In 2002, 4Kids Entertainment bought the rights to Ultraman Tiga, but simply produced a dub of the Japanese footage, broadcast on the Fox Box. And in 2009, Adness Entertainment took 2002's Kamen Rider Ryuki and turned it into Kamen Rider: Dragon Knight, which began broadcast on The CW4Kids in 2009. It won the first Daytime Emmy for "Outstanding Stunt Coordination" for its original scenes.[10][11]

Original productions

In 1961 England-based film-makers produced the Godzilla-style film, Gorgo, which used the same suitmation technique as the Godzilla films. That same year, Saga Studios in Denmark made another Godzilla-style giant monster film, Reptilicus, bringing its monster to life using a marionette on a miniature set. In 1967, South Korea produced its own monster movie titled Yonggary. In 1975, Shaw Brothers produced a superhero film called The Super Inframan, based on the huge success of Ultraman and Kamen Rider there. The film starred Danny Lee in the title role. Although there were several other similar superhero productions in Hong Kong, The Super Inframan came first. With help from Japanese special effects artists under Sadamasa Arikawa, they also produced a Japanese-styled monster movie, The Mighty Peking Man, in 1977.

Concurrent with their work on Superhuman Samurai Syber-Squad, DIC attempted an original concept based on the popularity of Power Rangers in 1994's Tattooed Teenage Alien Fighters from Beverly Hills. In 1998, video from an attempted Power Rangers-styled adaptation of Sailor Moon surfaced, combining original footage of American actresses with original animated sequences.

Saban also attempted at making their own unique tokusatsu series entitled Mystic Knights of Tir Na Nog, set in medieval Ireland and featured four, later five knights who transform using the power of the elements (for the most part) at they protected their kingdom from evil. Saban had also produced the live action Teenage Mutant Ninja Turtles series Ninja Turtles: The Next Mutation, which was known in the turtles fandom for introducing a female turtle exclusive to that series called Venus de Milo and eliminating the fact that the other turtles were brothers. The show primarily featured actors in costumes most of the time, but featured similar choreographed fights like other tokusatsu shows.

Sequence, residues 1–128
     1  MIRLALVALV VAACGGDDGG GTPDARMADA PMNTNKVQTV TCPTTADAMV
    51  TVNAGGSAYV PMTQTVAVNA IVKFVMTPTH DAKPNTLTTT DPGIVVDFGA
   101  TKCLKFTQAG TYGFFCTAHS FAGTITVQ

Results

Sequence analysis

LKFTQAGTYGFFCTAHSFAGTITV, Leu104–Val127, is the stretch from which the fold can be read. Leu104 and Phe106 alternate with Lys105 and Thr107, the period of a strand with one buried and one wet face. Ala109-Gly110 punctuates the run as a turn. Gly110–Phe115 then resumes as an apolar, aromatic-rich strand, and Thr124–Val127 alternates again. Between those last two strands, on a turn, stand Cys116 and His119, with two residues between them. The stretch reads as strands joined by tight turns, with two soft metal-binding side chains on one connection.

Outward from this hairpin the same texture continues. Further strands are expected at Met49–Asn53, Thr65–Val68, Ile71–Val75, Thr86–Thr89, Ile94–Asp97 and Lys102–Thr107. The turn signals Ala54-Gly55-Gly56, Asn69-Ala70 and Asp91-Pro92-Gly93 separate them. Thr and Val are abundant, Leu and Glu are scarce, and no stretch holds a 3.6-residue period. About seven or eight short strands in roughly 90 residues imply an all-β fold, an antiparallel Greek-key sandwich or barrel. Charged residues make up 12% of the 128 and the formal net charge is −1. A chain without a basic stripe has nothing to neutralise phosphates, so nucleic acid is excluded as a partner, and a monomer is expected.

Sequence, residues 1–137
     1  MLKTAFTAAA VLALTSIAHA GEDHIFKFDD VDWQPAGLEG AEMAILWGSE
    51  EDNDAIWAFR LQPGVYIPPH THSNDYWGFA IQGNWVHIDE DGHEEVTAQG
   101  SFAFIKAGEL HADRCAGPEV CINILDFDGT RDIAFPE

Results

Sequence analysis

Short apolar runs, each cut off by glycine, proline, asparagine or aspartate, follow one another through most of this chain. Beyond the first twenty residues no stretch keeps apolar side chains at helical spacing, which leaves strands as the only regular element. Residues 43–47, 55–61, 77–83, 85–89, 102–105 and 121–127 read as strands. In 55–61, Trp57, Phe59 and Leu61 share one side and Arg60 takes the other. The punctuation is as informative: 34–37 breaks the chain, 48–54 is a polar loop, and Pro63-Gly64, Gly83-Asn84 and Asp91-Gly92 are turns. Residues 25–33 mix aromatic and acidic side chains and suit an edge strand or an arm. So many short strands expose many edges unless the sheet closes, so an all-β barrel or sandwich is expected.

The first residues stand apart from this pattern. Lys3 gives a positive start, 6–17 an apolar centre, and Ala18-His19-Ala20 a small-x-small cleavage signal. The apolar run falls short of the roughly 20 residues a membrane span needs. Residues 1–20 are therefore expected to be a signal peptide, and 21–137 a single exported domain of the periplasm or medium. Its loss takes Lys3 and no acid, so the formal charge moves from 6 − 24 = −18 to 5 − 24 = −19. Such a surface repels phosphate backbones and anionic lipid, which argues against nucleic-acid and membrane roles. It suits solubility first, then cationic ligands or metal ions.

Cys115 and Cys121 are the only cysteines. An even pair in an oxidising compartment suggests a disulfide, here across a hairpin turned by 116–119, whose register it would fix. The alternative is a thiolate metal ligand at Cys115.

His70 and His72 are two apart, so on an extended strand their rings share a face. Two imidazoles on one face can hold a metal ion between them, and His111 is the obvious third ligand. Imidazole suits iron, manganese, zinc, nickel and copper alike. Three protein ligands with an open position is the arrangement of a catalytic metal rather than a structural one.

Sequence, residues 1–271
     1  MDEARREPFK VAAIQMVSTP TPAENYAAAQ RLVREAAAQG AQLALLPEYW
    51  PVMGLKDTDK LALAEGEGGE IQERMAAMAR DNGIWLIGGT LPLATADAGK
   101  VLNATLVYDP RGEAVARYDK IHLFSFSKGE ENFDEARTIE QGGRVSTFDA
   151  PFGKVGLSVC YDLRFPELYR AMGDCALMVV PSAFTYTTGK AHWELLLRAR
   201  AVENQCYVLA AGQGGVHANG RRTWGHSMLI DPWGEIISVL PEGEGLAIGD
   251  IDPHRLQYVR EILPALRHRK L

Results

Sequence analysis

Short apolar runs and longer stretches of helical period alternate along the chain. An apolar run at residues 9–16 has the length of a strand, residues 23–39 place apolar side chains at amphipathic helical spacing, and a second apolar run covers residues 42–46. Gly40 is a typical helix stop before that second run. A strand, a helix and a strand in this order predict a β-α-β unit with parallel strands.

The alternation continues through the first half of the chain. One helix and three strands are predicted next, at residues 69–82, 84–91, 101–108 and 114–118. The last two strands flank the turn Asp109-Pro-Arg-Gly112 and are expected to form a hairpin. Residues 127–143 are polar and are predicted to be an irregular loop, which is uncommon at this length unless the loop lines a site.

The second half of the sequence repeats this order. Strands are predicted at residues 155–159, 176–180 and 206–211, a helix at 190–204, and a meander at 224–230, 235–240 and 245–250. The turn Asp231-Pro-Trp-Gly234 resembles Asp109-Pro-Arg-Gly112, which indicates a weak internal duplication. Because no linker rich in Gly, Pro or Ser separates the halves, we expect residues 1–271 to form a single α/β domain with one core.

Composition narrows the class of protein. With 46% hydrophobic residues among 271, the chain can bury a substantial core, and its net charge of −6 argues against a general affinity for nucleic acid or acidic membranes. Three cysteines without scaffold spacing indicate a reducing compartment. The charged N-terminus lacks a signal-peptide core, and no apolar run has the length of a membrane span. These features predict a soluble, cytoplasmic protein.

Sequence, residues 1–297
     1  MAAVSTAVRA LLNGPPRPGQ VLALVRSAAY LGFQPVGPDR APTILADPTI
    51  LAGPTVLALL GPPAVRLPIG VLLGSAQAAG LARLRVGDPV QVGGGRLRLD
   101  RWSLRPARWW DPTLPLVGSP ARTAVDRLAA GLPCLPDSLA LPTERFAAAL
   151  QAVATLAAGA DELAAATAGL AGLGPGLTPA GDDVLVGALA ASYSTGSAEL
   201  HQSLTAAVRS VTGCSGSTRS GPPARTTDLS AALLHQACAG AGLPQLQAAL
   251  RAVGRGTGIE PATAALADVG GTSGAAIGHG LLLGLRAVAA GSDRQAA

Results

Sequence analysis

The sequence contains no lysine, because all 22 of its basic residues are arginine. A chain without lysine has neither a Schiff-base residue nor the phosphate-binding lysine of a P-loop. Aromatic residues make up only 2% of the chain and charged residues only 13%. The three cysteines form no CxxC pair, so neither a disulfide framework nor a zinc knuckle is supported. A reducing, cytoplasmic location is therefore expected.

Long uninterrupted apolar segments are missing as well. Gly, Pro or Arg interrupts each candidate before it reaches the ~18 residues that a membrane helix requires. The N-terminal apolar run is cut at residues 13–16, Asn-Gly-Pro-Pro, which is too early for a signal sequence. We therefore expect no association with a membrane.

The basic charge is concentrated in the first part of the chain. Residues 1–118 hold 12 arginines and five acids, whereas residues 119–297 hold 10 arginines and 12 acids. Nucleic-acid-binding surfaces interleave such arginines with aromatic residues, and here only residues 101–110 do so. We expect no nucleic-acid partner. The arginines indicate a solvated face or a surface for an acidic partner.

In the 2000s, production companies in other East Asian countries began producing their own original tokusatsu-inspired television series: Thailand's Sport Ranger and South Korea's Erexion in 2006; the Philippines' Zaido: Pulis Pangkalawakan (itself a sanctioned spinoff of Toei's Space Sheriff Shaider) in 2007;[12] China's Armor Hero (Chinese: 铠甲勇士; pinyin: Kǎi Jiǎ Yǒng Shì) in 2009, Giant Saver (Chinese: 巨神战击队第; pinyin: Jùshén zhàn jí duì) in 2013, Metal Kaiser (Chinese: 五龙奇剑士; pinyin: Wǔ Lóng Qí Jiàn Shì); and Indonesia's Bima Satria Garuda which began in 2013.[13][14]

Homage and parody

In 2001, Buki X-1 Productions, a French fan-based production company, produced its own series, Jushi Sentai France Five (now called Shin Kenjushi France Five), a tribute to Toei's long running Super Sentai series. The low-budget television series Kaiju Big Battel directly parodies monster and Kyodai Hero films and series by immersing their own costumed characters in professional wrestling matches among cardboard buildings. In 2006, Mighty Moshin' Emo Rangers premiered on the internet as a Power Rangers spoof, but was quickly picked up by MTV UK for broadcast.[15] In 2006, Insector Sun, a low-budget tribute to Kamen Rider was produced by Brazilian fans.